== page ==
In my recent post on possible interventions on physiological arousal, there’s something interesting about two of the approaches that felt most promising to me.
Both singing and exercising involve going with the flow, or moving in the same “direction” as the arousal. In both cases, you lean into the activation, but you apply a new meaning to it, or reinterpret it, or repurpose it, or something.
In the case of singing: I feel agitated about something and my physiology is activated. I sing some folk songs, really feeling into the emotions and the meaning they embody. After doing that for a bit the arousal exhausts itself, and I’m calmer or more settled.
It similar in the case of exercising: I’m agitated, I pour that excess energy into working out, and I expend that energy.
In fact, while we’re at it, in the past, I’ve noted before that masturbation / ejaculation seems to have a similar impact.
The last two are less confusing / surprising, because they seem like they involve hormonal shifts / the literal expending of chemical energy. But what’s happening in the case of singing? There’s some, goal structure / meaning, some reason why I’m aroused / agitated / activated, I take that activation and “apply” it to a totally separate goal structure / meaning, I “resolve” this new goal structure, and my system calms down as if it just forgets what caused it to be agitated in the first place.
That seems kind of weird. You’d think that if my body thought that there was some reason to be energized, and I added a second reason to be energized, but then resolve that second reason, I should still be energized, because nothing has changed about reason #1.
But I guess it doesn’t work that way.
It seems more like there’s a two way information flow between mental content and physiological state, and each one informs the other. (I think “informs” is exactly the right word. Each one is updating on the outputs of the other, my body responding to my thoughts, and my thoughts responding to my body.) So if I’m agitated, and I try to shift my thoughts to something non-agitating, this force-against-force, my mind is resisting, on the basis of my bodily activation. But I can easily swap out a different agitating / activating thought structure, without any resistance at all. And apparently, the whole system doesn’t have enough “working memory” to track two meanings at once, and so the original gets dropped.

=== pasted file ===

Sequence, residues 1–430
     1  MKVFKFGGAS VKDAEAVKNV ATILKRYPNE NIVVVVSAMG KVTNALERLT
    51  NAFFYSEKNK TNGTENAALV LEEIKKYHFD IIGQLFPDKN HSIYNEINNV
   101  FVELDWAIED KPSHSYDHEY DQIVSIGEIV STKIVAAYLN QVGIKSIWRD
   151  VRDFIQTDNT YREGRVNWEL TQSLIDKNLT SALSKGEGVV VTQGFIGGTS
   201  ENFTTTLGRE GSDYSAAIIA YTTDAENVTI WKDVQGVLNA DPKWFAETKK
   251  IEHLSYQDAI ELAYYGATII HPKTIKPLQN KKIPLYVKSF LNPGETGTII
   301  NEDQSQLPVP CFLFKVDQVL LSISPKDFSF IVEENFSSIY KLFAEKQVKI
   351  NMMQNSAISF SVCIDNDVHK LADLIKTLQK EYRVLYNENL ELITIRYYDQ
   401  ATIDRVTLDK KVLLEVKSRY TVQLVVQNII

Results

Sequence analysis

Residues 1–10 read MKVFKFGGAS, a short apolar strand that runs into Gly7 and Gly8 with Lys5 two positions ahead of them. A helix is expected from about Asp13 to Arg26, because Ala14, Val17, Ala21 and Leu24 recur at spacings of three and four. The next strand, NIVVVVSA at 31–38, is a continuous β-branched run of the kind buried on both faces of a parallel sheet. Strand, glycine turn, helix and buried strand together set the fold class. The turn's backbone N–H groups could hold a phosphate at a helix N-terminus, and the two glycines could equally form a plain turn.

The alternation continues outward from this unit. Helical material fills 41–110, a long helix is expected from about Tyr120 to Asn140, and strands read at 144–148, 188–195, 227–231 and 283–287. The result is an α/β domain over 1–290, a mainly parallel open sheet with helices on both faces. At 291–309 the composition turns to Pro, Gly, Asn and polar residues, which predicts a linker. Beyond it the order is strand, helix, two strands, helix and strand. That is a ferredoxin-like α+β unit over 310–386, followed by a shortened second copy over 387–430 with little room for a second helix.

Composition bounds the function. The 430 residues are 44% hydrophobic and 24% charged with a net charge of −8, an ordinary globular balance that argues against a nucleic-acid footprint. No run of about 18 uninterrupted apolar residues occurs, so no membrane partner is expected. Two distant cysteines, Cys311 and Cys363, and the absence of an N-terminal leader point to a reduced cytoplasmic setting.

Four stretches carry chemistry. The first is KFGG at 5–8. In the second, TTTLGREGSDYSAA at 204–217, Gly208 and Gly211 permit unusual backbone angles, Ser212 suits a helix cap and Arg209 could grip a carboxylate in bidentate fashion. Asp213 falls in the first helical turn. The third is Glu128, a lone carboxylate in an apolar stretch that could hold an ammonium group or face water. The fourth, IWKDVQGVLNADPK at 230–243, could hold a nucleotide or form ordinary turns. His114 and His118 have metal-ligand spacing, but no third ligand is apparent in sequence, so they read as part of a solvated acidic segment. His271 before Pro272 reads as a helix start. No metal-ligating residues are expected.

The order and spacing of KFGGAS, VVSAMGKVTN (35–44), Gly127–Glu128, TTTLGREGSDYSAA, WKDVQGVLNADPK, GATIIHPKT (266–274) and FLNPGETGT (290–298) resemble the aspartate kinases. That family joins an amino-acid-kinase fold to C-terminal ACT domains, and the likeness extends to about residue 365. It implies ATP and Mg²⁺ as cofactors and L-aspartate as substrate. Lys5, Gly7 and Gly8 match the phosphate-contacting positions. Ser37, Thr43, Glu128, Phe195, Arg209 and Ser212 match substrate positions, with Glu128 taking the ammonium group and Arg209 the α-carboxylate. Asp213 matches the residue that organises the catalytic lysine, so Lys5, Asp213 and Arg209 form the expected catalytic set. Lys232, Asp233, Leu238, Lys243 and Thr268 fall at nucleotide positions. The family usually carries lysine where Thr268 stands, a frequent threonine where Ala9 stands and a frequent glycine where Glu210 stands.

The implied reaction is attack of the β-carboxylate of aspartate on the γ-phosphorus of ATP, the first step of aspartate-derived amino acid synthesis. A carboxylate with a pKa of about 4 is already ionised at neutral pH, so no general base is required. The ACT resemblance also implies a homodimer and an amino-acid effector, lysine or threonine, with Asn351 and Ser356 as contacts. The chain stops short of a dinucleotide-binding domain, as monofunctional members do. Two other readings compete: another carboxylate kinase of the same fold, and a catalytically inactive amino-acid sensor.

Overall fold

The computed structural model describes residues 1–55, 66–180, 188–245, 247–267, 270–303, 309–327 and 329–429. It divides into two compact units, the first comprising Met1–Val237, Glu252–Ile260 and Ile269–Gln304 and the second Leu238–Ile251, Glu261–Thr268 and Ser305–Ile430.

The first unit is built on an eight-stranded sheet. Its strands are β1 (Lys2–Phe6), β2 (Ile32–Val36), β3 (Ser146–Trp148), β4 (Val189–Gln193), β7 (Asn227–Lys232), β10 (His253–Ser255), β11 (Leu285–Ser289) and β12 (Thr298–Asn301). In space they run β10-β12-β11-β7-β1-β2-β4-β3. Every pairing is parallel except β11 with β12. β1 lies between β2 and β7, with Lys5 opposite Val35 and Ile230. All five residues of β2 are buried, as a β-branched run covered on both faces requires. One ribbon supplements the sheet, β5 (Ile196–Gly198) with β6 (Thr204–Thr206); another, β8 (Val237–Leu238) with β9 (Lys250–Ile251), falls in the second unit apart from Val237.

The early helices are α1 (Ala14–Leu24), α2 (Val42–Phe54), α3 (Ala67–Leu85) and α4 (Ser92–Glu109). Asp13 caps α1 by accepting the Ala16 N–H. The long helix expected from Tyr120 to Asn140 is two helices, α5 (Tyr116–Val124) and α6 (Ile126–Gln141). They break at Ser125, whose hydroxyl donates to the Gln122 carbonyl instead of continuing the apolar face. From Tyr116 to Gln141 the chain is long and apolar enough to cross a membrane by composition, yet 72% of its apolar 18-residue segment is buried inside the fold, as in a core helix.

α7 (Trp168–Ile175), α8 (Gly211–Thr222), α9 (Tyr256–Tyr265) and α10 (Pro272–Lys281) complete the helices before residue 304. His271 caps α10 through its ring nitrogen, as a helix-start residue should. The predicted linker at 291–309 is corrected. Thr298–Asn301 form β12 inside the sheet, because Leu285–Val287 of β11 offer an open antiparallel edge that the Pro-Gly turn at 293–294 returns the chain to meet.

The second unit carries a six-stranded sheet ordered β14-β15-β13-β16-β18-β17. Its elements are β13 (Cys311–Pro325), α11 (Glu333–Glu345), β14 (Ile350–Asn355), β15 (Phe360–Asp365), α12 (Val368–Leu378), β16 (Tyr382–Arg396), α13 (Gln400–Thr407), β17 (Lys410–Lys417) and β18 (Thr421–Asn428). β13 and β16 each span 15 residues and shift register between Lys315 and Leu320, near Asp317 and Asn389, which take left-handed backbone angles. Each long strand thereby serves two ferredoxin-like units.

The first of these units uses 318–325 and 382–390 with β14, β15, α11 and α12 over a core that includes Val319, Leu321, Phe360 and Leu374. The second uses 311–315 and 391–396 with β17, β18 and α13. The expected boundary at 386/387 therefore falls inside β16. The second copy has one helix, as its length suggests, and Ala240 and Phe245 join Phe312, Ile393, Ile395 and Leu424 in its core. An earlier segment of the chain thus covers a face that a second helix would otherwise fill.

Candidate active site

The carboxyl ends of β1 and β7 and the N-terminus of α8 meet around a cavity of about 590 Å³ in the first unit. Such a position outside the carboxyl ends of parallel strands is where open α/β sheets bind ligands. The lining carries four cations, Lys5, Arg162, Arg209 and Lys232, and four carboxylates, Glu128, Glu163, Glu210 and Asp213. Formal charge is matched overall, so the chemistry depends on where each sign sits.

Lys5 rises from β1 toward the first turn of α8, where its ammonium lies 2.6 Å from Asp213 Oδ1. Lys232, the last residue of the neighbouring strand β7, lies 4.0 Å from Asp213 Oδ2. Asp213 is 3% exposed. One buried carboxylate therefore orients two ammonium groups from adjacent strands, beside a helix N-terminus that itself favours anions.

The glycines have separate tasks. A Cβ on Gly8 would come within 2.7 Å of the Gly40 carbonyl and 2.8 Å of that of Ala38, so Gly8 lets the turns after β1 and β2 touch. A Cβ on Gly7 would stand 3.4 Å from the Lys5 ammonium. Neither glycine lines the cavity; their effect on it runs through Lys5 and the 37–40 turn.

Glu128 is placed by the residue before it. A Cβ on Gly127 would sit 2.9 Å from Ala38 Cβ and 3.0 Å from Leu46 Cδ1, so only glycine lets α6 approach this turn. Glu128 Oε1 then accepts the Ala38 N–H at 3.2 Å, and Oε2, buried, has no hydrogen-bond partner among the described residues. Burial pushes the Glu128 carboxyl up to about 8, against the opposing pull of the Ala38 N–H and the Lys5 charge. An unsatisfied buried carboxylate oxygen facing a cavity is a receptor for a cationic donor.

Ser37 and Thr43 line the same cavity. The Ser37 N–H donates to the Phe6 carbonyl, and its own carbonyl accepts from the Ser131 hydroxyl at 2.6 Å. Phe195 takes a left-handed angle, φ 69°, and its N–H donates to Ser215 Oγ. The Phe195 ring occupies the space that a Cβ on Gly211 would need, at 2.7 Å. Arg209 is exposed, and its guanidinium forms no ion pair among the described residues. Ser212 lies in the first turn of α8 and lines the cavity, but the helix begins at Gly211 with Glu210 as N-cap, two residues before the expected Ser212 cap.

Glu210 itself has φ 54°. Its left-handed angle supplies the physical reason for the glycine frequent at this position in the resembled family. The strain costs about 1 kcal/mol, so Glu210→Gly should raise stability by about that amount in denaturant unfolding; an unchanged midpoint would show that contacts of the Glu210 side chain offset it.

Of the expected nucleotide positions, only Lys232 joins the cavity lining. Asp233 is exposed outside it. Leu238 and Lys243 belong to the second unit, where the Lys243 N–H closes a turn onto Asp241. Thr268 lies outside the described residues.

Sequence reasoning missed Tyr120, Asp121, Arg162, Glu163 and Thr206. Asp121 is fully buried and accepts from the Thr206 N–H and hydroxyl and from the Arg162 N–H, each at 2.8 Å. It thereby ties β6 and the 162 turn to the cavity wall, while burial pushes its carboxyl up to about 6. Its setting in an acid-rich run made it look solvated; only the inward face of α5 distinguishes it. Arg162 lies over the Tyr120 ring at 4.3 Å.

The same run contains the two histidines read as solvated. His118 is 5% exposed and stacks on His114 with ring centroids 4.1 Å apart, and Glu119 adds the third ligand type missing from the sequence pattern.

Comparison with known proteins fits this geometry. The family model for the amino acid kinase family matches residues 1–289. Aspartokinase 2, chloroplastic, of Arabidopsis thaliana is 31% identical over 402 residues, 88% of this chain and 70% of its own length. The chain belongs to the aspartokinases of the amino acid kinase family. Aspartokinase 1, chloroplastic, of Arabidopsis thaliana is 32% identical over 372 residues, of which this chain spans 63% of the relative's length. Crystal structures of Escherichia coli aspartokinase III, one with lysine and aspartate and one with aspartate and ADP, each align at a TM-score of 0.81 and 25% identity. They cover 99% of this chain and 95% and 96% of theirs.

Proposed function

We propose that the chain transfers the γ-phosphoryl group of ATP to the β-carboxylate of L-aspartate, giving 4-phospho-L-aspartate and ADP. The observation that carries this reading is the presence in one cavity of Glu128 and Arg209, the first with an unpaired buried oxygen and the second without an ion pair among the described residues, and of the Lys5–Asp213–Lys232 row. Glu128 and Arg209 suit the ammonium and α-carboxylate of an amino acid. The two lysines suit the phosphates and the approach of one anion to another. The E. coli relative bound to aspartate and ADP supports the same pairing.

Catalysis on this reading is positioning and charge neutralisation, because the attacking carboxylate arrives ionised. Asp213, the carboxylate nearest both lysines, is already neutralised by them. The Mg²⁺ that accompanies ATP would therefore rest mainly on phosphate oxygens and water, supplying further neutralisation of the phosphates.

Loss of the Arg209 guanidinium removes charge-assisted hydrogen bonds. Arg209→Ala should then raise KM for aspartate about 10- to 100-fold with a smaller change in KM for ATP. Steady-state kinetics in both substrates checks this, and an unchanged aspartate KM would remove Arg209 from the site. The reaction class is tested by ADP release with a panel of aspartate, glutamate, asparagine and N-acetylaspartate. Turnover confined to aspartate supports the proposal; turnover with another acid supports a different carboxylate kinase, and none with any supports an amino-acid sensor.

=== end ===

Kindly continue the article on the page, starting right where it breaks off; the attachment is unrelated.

I suspect that this phenomenon might be pretty general, that it applies to a bunch of different emotional/physiological states, not just arousal. I was in a circle once, when I was really sad about one thing, and then I found myself crying about (and feeling some catharsis around) some other sad thing.
In fact, I think in general, when I’m feeling sad, I tend to associate it with my romantic loneliness, out of something like habit, even if my romantic situation didn’t have much to do with why I was feeling down.
I postulate that when you’re in a given physiological state, you have ready access to all (?) of the meaning-structures (whatever that means), that are “attuned to” (whatever that means), that state. So when you’re sad, you can access all of the reasons / narratives to be sad (although maybe only one at a time?), and when you’re excited you can access all of the reasons / narratives to be happy.
[I wonder if this has anything to do with why depression is resilient. Maybe people slip into a depressed state, and they access / slide into a meaning structure that they’re used to remunerating on, which unfortunately, is very robust, and so they get stuck in their depressed state. That is, when a person is depressed they are accidentally doing the opposite of the trick I described above, instead of switching to a meaning that they can resolve, thereby exiting the state, they switch to a meaning that is particularly hard to resolve.]
This is in some sense just a restatement of the concept of “emotional misattribution”, but it seem importantly different in framing somehow.